Editor’s Note: This article ends with a letter to the editors of Europhysics News by engineers Robert Korol and Tony Szamboti. It is a short critique of the feature article by Jia-Liang Le and Zdeněk Bažant published in the January-February 2017 issue of Europhysics News. The editors declined to publish the letter in the subsequent issue, so it is being published here for anyone who wishes to be informed about the inadequacies of the Le/Bažant piece.


On August 24, 2016, the European Physical Society’s magazine, Europhysics News, published a feature article titled “15 years later: On the physics of high-rise building collapses,” which argued that the Twin Towers and World Trade Center Building 7 were destroyed by controlled demolition.

I was one of the four authors of this article, along with Dr. Steven Jones, a retired physics professor from Brigham Young University; Dr. Robert Korol, a professor emeritus of civil engineering from McMaster University; and Tony Szamboti, a mechanical engineer with 25 years of experience in the aerospace industry.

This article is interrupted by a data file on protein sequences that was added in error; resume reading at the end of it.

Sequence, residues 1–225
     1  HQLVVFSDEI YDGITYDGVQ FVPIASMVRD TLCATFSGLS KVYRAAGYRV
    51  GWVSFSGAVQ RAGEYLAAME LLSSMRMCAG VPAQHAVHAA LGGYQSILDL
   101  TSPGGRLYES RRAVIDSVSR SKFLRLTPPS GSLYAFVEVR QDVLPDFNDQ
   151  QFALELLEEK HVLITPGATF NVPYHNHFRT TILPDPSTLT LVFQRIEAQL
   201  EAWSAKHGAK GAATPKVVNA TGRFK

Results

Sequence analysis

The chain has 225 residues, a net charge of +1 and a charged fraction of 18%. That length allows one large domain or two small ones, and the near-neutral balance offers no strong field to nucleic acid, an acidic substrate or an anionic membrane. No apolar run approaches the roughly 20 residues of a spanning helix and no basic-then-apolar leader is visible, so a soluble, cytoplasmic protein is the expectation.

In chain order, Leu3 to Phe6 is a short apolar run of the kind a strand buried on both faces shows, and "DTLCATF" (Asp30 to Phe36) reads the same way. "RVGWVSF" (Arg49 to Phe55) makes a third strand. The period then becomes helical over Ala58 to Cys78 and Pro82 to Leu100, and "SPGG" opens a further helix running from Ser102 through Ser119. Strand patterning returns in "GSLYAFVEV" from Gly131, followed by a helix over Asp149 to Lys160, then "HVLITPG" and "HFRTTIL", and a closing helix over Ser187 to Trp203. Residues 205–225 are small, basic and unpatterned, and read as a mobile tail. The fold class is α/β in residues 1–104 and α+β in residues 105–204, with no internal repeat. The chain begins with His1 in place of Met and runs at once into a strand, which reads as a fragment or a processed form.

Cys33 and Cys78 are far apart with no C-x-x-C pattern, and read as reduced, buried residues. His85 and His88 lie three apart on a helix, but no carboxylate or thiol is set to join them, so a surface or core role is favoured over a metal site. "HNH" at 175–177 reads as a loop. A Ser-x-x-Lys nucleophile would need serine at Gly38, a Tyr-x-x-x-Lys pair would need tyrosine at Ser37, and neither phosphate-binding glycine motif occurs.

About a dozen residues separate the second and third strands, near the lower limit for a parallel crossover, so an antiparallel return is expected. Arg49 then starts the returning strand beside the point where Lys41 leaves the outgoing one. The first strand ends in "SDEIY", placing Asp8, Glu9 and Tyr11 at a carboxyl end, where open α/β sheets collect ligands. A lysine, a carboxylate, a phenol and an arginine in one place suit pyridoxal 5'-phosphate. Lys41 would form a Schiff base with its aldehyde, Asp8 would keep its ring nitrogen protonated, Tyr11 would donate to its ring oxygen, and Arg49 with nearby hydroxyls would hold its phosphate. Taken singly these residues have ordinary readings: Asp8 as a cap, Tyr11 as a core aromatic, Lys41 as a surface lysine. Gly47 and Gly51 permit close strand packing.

When the 15th anniversary of 9/11 rolled around a few weeks later, we were very pleased to see our article go viral (by the standards of science articles), jumping from just over 10,000 downloads on September 5 to 143,000 on September 13. By the end of the month, it had reached 250,000 downloads.

Today, exactly two years after “15 years later” was published, the number of downloads is over 750,000. It perennially sits atop the magazine’s “most read articles” of the past 7 days, 30 days, and 90 days, continuing to be downloaded thousands of times each week.